Are you solo and finding sexual desire is distracting you and making frequent self-pleasuring a demanding necessity? You might try the following technique for a few weeks—just to see what you notice.
Avoid orgasm for at least three weeks as you observe yourself. When you feel sexual frustration building, close your eyes, tighten the muscles in your genitals. Imagine the sexual feelings, or tension, rising up your spine like a thermometer to the top of your head. Feel tingles? Whether or not you do, imagine a waterfall of energy flowing down the front of yourself. Allow it to pool just below your navel. Do this as often as necessary to relieve your sexual tension. Next, turn your attention to something productive.
This method of cultivating sexual energy has been around for many centuries. It works for both men and women.
I can honestly say that my physical and emotional health are much better than when I was masturbating frequently, and I still have a healthy sex drive, as far as I can tell! But I learned that I could not just stop masturbating, yet continue doing everything else the way I did before I stopped, such as isolating myself, or zoning out with TV. I had to use the energy toward a larger goal. In my case I went back to school and eventually discovered a field I really like.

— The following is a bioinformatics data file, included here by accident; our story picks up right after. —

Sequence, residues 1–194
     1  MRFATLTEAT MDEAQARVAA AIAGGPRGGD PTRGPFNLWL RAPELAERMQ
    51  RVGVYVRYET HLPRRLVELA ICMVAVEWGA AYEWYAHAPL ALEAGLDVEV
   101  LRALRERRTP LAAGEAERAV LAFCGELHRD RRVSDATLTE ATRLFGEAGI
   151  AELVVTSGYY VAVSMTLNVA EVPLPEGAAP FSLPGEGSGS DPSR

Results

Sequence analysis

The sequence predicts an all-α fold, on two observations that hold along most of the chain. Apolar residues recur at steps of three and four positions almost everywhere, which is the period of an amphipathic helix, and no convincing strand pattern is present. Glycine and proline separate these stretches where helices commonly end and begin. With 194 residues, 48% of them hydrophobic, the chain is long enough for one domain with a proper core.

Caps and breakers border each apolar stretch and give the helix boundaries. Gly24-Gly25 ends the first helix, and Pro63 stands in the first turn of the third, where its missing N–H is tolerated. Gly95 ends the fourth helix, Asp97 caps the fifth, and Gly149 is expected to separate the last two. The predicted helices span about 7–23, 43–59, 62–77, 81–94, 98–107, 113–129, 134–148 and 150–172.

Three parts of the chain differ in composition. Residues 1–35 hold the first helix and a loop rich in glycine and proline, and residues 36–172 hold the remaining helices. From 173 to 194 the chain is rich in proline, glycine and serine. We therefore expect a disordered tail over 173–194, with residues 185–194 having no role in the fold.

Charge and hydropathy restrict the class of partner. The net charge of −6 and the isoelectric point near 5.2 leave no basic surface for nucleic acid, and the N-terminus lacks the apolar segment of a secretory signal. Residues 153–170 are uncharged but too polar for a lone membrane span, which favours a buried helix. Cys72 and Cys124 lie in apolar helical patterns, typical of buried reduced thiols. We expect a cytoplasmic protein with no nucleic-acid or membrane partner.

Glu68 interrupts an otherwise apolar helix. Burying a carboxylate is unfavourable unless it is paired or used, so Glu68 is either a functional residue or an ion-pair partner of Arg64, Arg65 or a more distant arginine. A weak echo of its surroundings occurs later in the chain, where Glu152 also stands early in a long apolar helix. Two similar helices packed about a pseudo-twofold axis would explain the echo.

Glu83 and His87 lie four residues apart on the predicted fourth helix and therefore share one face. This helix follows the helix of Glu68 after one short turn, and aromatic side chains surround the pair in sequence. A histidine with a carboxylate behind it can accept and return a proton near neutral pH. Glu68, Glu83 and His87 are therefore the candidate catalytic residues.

Some women believe that self-pleasuring will make them more orgasmic during partnered sex. However, a Finnish researcher writing about sexual desire noted that,
There has been a continuous declining trend regarding the age of first orgasm in masturbation, but not regarding the age of the first orgasm in intercourse. Nowadays, half of women have had their first orgasm in masturbation at least 5 years prior their first orgasm in intercourse. They have had more time to practice their sexual pleasure via masturbation before their first intercourse, but that has not helped them to achieve an orgasm any younger during intercourse. This result diverges from expectations. …
Those women who had orgasms much more easily via masturbation had problems to experience it in intercourse. The ease of attaining an orgasm via masturbation was not a good measure of orgasmic capacity during intercourse. Half of the women surveyed usually had an orgasm in intercourse via stimulating both clitoris and vagina, and only one-third usually via stimulating clitoris. Based on these results, the role of the clitoris is not as dominant in sexual stimulation towards orgasm in intercourse as has been expected.